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The Secret's Out

15 May 2013

With Amtrak rail-passenger numbers recently setting a new record, Stewart Creasey investigates why "railroad ridership" is growing in the United States.

Crossing the US by rail on impressive "superliner" trains allows you to see a side to the country that most Americans will never even know exists. But rail travel in America is catching on - more and more people are realising what Great Rail Journeys customers have known for years; the very best way to cross the US is to travel by train. This realisation is reflected in the fact that Amtrak, the national passenger-rail operator, has recently released record passenger figures for the last financial year.

Relatively high prices for gasoline, rising costs for airline tickets and improved passenger services such as on-board Wi-Fi access; these are all reasons cited for the rising passenger numbers. But beyond the detail is the reality that Americans, and tourists, are starting to discover the real joy of travelling by train across this incredible country. The tide, it seems, is turning.

Even as little as ten years ago, travelling by train across America was regarded by Americans as a peculiar, even eccentric undertaking. Old fashioned and pointlessly slow, intercity train travel in the US was almost killed off by low cost airlines. Lines closed, routes were withdrawn and services reduced to a minimum skeleton operation. Amtrak, which is owned by the US government, is famous for making a perpetual loss. In the race for convenience, affordability and speed, staggeringly cheap gasoline and ever-decreasing air fares, rail travel was all-but forgotten. Several generations of Americans have missed out altogether. Drive or fly? - for 50 years these have been the only realistic options, and certainly the only options that were given any consideration.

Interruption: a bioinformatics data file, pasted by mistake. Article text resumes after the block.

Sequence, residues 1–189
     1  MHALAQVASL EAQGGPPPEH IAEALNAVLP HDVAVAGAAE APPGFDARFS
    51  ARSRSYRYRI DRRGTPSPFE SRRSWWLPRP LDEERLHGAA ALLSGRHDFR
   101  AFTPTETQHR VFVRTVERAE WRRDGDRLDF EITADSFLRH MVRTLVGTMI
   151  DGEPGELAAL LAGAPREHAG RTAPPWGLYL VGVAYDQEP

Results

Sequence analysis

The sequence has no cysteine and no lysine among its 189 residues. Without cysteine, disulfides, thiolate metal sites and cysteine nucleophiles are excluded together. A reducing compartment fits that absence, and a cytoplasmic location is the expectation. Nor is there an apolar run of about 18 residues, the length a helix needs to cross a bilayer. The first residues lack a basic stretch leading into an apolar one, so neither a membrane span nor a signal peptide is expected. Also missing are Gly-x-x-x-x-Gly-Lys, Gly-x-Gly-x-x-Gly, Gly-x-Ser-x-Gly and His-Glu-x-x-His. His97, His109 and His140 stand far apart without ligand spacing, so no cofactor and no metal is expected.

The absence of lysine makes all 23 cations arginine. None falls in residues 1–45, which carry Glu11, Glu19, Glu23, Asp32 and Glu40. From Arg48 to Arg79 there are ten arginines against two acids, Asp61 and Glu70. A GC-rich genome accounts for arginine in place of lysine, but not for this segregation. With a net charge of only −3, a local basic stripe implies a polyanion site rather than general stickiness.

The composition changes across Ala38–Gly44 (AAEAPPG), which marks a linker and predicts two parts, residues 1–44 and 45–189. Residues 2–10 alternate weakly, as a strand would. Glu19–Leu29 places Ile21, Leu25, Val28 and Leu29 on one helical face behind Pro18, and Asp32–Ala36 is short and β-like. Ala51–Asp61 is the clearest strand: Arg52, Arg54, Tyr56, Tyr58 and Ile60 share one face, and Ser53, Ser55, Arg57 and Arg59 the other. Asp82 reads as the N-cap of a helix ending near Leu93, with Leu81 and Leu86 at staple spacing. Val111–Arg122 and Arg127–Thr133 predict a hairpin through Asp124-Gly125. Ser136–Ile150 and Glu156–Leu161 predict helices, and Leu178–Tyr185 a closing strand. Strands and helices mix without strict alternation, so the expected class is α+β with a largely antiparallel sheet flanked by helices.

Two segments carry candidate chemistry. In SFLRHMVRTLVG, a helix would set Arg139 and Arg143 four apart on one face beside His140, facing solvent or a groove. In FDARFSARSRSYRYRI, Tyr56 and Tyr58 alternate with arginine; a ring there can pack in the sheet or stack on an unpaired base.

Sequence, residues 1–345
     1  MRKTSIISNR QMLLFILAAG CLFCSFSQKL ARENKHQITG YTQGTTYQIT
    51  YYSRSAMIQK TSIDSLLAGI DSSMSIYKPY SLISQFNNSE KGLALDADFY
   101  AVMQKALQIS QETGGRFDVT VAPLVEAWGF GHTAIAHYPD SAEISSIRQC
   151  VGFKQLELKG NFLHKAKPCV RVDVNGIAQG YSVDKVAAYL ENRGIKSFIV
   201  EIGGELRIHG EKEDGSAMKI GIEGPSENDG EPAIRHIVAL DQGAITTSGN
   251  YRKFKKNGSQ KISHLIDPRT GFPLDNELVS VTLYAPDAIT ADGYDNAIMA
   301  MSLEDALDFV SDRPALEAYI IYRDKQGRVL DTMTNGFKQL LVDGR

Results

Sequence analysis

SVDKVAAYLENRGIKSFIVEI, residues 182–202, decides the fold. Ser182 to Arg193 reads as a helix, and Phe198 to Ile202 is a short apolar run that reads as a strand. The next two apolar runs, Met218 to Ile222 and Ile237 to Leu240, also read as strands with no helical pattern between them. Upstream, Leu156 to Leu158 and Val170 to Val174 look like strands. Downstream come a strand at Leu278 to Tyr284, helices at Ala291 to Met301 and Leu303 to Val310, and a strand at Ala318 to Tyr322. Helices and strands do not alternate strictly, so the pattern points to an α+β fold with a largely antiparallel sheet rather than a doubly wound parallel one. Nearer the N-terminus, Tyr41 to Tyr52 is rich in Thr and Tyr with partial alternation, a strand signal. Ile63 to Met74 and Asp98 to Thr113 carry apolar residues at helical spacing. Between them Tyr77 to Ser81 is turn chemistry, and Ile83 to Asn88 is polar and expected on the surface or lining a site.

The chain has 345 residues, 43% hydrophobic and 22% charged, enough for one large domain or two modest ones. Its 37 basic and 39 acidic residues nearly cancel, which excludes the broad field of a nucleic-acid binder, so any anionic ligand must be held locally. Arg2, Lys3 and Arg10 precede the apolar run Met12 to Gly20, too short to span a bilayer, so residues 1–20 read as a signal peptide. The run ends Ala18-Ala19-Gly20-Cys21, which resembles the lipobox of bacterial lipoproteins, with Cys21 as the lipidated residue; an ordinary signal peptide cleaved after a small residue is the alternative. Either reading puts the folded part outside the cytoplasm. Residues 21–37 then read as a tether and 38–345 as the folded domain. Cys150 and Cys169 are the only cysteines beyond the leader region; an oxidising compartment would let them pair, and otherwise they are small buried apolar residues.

Now, Americans are discovering, many for the first time, the true joy of crossing their vast, diverse and beautiful continent by train. Railroads offer fantastic sights and unforgettable scenery, but also the chance to witness the changing landscape, to see the expansive fields of ripening corn, the huge ranch territories sprawling around a small farmhouse, the open prairies and the deep, endless forests.

When you fly between cities, you'll leave one airport and land in another, and you'll struggle to notice any changes. Even once you reach your city-centre hotel, you'll notice differences, but you will be overwhelmed by the similarities of high-rise America.

Travel by train and you can witness slow, subtle changes as you escape the city through its suburbs and into the surrounding countryside. Then you'll discover the vastness of North America. You'll cross the rivers and creeks, pass through monumental farms and rumbling across bridges over dividing gorges, climbing through the mountains and gliding effortlessly through dense woodland. The train will stop at smaller towns and cities; refuelling in Reno, allowing passengers to board in Salt Lake City, or waiting for a freight train to pass in McCook, Nebraska.

Maybe it is simply the cost - prices are much more competitive today, at least when compared to rising air fares. Maybe it is the improved service on board - Amtrak have certainly invested in their rolling stock and on board offering. But maybe, just maybe, it is that Americans have finally realised what many of us have known for a long time - the only way to really see America is to travel across it by train.